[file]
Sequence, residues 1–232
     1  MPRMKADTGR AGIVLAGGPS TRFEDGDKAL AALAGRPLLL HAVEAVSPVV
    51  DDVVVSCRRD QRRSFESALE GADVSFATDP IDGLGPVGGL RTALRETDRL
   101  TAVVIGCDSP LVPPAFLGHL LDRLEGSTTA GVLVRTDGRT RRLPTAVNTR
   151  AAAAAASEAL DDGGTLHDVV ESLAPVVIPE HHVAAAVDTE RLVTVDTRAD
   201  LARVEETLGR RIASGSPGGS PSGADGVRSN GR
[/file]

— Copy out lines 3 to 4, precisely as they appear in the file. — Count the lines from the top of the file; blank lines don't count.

    51  DDVVVSCRRD QRRSFESALE GADVSFATDP IDGLGPVGGL RTALRETDRL
   101  TAVVIGCDSP LVPPAFLGHL LDRLEGSTTA GVLVRTDGRT RRLPTAVNTR